As news broke this week that more than 10,000 Departments of Justice and Homeland Security staff and over 20,000 supposed FBI employees details have been compromised in a breach, it is another example that becoming an insider using social engineering tactics is a much easier job for hackers than writing zero-day exploits.
A new survey of security professionals has revealed the top ten methods and vulnerabilities attackers are using the most – or taking advantage of – when they want to get sensitive data in the shortest time.
The key finding of the survey is that outsiders want to become insiders with the least possible effort, and insiders help them do so – mostly accidentally.
Security professionals at the Black Hat hacker conventions in the US and Europe were asked which methods are most commonly used by attackers.
Out of the top ten vulnerabilities, social engineering was by far the most popular, with weak passwords coming in a close second. 81% of Americans and 83% of Europeans said social engineering such as phishing was the biggest method used to gain sensitive information, with compromised accounts (weak passwords) coming in at 62% and 63% respectively.
In third place came web-based attacks such as those through SQL/command injection.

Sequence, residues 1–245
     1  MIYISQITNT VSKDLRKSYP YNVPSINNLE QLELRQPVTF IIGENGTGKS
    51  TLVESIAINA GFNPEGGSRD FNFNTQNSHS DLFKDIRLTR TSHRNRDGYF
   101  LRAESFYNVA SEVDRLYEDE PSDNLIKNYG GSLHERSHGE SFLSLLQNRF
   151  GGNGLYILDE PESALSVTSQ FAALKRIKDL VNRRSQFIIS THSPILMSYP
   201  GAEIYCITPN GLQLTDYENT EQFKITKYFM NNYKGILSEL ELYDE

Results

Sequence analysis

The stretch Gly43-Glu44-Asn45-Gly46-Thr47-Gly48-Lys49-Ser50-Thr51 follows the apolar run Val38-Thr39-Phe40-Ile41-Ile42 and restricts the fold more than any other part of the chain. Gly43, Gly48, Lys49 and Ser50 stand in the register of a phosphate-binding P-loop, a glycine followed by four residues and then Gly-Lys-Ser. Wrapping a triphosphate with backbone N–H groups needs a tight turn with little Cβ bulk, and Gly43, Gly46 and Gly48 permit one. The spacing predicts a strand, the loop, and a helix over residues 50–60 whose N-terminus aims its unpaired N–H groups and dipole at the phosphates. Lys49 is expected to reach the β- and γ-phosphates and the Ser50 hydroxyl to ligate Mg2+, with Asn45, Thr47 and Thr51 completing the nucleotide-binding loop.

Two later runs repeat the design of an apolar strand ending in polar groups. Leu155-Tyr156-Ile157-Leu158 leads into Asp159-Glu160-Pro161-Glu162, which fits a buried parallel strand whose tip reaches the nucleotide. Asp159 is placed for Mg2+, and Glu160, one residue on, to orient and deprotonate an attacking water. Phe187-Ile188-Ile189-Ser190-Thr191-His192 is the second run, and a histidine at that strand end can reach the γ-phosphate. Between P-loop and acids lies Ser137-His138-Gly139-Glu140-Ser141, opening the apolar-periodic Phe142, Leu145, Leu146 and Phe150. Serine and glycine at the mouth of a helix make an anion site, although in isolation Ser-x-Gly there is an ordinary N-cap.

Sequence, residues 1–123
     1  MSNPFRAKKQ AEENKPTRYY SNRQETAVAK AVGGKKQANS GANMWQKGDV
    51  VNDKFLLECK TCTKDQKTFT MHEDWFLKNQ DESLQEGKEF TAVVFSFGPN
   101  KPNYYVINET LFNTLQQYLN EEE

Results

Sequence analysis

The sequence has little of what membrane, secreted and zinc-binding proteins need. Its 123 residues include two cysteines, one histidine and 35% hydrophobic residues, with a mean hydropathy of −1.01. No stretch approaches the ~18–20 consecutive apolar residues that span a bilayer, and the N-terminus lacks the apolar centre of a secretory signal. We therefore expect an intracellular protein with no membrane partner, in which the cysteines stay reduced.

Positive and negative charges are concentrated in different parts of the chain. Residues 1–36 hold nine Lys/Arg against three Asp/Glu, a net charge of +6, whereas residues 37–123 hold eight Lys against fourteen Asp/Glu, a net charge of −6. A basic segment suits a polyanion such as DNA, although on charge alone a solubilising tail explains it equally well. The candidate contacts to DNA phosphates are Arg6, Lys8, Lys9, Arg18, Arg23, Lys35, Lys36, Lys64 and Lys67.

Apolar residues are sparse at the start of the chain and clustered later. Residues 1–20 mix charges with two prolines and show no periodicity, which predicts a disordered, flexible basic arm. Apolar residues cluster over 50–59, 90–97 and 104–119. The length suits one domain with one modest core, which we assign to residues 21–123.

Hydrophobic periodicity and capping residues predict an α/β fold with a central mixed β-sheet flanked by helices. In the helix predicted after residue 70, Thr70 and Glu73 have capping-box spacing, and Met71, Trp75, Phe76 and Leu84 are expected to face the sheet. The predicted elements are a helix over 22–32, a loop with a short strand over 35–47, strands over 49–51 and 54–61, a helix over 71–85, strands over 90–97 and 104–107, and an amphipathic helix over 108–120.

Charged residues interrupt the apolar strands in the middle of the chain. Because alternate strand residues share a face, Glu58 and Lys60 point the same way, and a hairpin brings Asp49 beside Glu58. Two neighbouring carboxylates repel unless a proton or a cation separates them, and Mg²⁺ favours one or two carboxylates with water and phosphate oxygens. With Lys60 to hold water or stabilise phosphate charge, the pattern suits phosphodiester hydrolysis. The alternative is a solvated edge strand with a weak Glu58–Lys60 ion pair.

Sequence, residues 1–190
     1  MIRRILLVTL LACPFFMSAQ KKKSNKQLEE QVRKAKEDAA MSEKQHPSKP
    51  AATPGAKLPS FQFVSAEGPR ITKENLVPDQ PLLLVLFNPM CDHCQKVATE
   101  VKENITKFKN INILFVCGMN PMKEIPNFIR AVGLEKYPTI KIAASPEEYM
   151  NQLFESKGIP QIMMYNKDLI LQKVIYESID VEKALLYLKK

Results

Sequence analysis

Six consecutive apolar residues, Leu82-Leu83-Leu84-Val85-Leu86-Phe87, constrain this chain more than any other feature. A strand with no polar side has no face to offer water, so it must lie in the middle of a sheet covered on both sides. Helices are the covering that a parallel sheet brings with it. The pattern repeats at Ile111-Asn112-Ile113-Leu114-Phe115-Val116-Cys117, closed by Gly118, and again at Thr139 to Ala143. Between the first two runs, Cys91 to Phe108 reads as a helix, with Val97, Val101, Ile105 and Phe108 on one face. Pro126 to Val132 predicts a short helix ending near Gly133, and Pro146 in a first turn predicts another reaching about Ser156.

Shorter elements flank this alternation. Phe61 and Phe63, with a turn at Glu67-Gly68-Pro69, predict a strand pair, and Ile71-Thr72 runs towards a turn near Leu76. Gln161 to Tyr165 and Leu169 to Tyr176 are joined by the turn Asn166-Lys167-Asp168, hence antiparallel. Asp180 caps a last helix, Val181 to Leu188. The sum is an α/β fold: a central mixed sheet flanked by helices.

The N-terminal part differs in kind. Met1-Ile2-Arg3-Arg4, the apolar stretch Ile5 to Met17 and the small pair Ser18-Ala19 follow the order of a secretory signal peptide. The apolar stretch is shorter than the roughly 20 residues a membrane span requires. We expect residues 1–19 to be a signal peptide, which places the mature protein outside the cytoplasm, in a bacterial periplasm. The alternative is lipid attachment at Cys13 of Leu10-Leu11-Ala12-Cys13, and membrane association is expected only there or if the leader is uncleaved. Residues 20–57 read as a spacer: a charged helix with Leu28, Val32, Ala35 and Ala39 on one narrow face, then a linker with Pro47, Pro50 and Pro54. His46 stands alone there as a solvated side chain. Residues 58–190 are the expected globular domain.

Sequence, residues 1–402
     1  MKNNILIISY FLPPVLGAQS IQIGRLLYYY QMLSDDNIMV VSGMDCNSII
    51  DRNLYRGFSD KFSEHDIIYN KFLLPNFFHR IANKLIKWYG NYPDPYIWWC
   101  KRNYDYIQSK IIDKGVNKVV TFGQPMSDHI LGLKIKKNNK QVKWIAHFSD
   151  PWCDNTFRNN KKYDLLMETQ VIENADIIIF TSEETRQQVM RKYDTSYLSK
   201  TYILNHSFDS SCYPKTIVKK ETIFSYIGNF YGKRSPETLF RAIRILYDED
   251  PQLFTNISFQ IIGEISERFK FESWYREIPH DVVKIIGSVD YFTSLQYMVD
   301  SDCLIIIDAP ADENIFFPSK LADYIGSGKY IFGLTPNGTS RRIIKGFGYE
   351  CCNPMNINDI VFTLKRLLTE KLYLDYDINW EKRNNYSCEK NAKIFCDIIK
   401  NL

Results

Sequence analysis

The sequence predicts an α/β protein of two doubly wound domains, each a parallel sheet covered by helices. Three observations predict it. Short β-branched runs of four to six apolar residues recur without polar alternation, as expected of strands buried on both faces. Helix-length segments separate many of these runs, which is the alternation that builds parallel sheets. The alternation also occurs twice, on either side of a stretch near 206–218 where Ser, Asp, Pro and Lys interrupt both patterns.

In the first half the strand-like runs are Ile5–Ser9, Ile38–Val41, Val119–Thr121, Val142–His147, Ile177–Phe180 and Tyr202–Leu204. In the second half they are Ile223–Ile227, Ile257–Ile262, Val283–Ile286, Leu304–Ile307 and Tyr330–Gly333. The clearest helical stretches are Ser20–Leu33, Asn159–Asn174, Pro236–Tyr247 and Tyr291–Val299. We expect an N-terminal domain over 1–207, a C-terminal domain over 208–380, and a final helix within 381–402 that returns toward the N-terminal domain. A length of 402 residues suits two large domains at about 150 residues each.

Next are client-side attacks against document readers and web browsers, and exploits against popular server updates – such as Heartbleed and Open SSL
'The highest risk to corporations is when outside attackers gain insider access, as they can stay undetected within the network for months,' said Zoltán Györk?, CEO for IT security company Balabit, which conducted the research.
Most of the attackers aim to get a ‘low level’ insider user account and escalate its privileges. Trying to identify an existing corporate user and trying to break its password is a slow process and leaves so many footprints behind (e.g. lots of additionally generated logs as a result of the automated attacks) that greatly increases the risk of being noticed that something suspicious is happening.
Therefore, hackers mostly use social engineering attacks when users 'voluntarily' give their account and password, explained researchers at Balabit.
'Traditional access control tools and anti-malware solutions are necessary, but these only protect companies’ sensitive assets while hackers are outside of the network. Once they manage to break into the system, even gaining a low level access, they can easily escalate their rights and gain privileged or root access in the corporate network. Once it happens, the enemy is inside and poses a much higher risk as they seem to be one of us,' said Györk?.
Regardless of the source of the attack, the list of the Top 10 most popular hacking methods clearly highlights that organisations must know what is happening in their IT network in real time; who is accessing what with certain usernames and passwords, and determining whether that is the real business user or an outside attacker using a hijacked account.